As a fun data visualisation experiment – and as a way to practice my new found interest in Node.js – I decided to plot on a map of the world all the people who contributed to the recent release of WordPress 3.6. The map can be seen further down, but first a brief description of how I went about it.
I decided to generate a GeoJSON file of the contributor’s locations so it can be displayed wherever and however the open GeoJSON format is supported, not least on GitHub which recently added support for automatic rendering of GeoJSON files.
In order to get the location data for each contributor I would need to scrape it from wordpress.org. In my simple Node script I started by using Node’s HTTP interface to fetch the 3.6 announcement blog post. The content of the post was then loaded into Cheerio which provides a wonderful implementation of jQuery’s core for working with the DOM, and used this to find the list of links in the blog post to wordpress.org profile pages.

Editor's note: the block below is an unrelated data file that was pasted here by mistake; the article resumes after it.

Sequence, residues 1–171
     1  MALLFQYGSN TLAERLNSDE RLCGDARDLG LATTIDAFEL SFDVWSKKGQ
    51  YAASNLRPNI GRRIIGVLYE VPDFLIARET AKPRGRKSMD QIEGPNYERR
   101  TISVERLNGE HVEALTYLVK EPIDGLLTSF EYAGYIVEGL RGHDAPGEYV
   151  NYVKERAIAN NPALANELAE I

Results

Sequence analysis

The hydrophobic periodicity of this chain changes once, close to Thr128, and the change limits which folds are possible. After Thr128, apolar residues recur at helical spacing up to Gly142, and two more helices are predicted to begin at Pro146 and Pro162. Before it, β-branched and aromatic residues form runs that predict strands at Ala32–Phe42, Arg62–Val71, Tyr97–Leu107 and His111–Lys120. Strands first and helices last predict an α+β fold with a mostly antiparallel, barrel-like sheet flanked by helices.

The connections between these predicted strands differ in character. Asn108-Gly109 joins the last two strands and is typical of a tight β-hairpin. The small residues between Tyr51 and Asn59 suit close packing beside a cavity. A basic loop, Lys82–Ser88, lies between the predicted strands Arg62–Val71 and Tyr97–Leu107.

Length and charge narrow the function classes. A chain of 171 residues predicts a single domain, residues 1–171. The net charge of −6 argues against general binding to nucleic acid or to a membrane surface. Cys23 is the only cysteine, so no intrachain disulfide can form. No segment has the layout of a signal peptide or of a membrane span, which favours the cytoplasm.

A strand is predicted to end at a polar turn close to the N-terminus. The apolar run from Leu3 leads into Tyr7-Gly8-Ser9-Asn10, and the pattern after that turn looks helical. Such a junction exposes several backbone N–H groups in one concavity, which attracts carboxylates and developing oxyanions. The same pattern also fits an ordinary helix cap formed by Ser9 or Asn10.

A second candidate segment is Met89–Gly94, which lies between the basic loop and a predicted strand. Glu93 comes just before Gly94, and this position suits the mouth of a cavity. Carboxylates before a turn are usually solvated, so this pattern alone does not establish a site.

Next step was to loop over each profile URL and fetch the page in order to pluck out the location data from the map shown for each user. With 225 contributors, it was clear this was going to be slow. Luckily the async module provides a super simple method for asynchronous iteration, so I used that to asynchronously fetch the profile pages.
The next step was to pluck out the user’s location from the markup using a straight forward regex, and then send this off to Google’s Geocoding API in order to get us the geographic coordinates we’d need. Out of the 225 contributors, 61 didn’t have their location displayed on their profile page.
The final step was to load all the data into the GeoJSON.js module in order to give us a valid GeoJSON file, and then pretty print it using the native JSON.stringify method.
Here’s the end result: